- Do After-School Programs Count Toward Child-Care Tax Credit?
- How Much Tax Credit Can You Get for Child Care Expenses?
- Can Grandparents on Retirement Claim the Child Care Credit?
- How to Determine Who Gets the Dependent Deduction for a Divorced Parent
- Can I Take a Deduction for Child Care if My Husband and I Both Worked?
- Amount of Tax Credit for Adult Dependents
The child and dependent care credit is available to taxpayers who support and pay child care or dependent care expenses for a dependent or spouse. A grandparent who supports a grandchild can take advantage of this deduction, as long as the child meets the requirements of a qualifying person. Although you cannot claim the entire amount, you can claim a percentage, which is based on your adjusted gross income.
About the Credit
The dependent care credit enables you to deduct up to 35 percent of the cost to have someone else care for your disabled dependent while you work or look for work. You must have earned income for the year to claim the credit. If you are married, you cannot claim the credit if you file separately from your spouse.
For your granddaughter to qualify as a qualifying person and meet the requirements of the dependent care credit, she must either be under age 13 or be any age and unable to care for herself. Your granddaughter must have lived with you for more than half the year. In addition, she must qualify as your dependent or would have qualified except she filed a joint return, she received income that exceeded the annual exemption amount, which is $3,900 as of 2013, or you and your spouse could be claimed on another taxpayer's return.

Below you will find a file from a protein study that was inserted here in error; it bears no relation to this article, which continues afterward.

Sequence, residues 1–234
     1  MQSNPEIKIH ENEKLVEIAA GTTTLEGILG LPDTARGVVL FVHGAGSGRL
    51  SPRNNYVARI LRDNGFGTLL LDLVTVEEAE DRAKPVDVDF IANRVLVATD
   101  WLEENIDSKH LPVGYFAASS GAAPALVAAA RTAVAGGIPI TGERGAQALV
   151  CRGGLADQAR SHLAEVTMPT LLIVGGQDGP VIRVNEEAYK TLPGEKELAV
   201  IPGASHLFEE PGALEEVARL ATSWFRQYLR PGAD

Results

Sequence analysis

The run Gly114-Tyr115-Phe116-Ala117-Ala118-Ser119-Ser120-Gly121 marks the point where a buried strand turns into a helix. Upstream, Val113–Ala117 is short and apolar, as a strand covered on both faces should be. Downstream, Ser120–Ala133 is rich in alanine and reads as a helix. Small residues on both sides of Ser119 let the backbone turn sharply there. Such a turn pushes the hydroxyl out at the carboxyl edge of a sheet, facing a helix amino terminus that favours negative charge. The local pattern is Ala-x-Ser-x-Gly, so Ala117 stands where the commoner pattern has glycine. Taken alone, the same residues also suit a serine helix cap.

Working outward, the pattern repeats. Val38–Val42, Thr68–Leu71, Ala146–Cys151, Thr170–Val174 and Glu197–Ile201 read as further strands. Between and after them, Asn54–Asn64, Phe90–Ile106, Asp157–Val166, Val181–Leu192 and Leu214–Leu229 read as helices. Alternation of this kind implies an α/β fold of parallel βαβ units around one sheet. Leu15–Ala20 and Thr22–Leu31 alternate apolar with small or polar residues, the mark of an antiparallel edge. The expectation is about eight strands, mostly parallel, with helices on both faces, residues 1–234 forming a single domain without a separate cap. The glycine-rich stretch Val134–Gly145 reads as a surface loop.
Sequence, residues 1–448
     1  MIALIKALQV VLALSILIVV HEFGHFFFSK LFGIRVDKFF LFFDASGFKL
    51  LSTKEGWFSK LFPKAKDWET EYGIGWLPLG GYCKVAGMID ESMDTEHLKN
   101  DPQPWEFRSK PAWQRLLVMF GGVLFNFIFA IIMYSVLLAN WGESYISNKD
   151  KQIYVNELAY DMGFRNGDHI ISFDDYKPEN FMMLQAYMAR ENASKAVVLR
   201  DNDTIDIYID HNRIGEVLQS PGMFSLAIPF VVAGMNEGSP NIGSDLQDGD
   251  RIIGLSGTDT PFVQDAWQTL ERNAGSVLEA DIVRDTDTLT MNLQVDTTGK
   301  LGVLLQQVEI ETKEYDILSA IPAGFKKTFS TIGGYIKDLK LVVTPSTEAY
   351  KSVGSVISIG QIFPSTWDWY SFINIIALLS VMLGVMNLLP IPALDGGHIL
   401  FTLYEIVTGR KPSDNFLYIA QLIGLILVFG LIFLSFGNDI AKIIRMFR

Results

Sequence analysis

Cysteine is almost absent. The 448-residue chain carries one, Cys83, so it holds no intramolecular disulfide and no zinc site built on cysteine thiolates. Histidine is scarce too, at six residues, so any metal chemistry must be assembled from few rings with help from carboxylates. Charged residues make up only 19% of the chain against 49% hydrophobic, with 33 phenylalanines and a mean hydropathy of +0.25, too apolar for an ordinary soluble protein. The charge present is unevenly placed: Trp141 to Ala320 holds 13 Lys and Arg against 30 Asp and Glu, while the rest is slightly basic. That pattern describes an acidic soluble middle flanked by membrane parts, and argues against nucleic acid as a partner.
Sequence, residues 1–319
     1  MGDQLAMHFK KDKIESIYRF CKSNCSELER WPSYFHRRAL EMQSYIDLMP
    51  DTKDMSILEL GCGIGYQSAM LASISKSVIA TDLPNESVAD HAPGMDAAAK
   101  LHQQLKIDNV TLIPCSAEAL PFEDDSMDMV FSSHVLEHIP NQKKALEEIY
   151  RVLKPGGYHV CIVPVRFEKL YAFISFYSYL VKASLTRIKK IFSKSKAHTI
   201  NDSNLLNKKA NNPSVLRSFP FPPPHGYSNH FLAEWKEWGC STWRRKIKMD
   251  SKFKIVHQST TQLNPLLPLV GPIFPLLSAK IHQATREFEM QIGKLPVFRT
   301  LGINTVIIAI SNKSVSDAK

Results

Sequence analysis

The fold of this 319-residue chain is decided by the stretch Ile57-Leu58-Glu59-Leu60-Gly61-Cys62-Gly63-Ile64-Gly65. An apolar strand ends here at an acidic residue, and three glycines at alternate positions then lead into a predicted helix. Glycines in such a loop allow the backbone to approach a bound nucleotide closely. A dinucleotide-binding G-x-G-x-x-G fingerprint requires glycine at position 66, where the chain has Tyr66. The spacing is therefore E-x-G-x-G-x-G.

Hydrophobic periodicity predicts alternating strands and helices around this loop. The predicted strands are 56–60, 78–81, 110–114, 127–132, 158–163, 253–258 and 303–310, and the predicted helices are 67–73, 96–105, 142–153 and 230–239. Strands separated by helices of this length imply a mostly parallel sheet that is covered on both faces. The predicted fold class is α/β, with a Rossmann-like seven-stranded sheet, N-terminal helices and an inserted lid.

Amount of the Credit
Your income plays a large part in the amount you can claim for the child and dependent care credit. Based on a percentage, the most you can claim is 35 percent with an adjusted gross income of $15,000, and the least is 20 percent with an adjusted gross income over $43,000. After the initial $15,000 at a 35 percent credit, the percentage allowance drops 1 percent for every $2,000 you earn, until you reach the 20 percent allowance. The IRS also imposes a limit to the amount you can claim for the credit. For one person, you can claim a maximum credit of $3,000, or for two or more people, you can claim $6,000.
Claiming the Credit
To claim the child and dependent care credit, you must file your taxes using Form 1040A or Form 1040. You must complete and attach Form 2441, which is the form that helps to calculate your credit. You must provide the name and Social Security number or employer identification number of the care provider on Form 2441. After calculating your credit, transfer the amount to the line labeled, "Credit for Child and Dependent Care Expenses," on Form 1040A or Form 1040.
- NA/Photos.com/Getty Images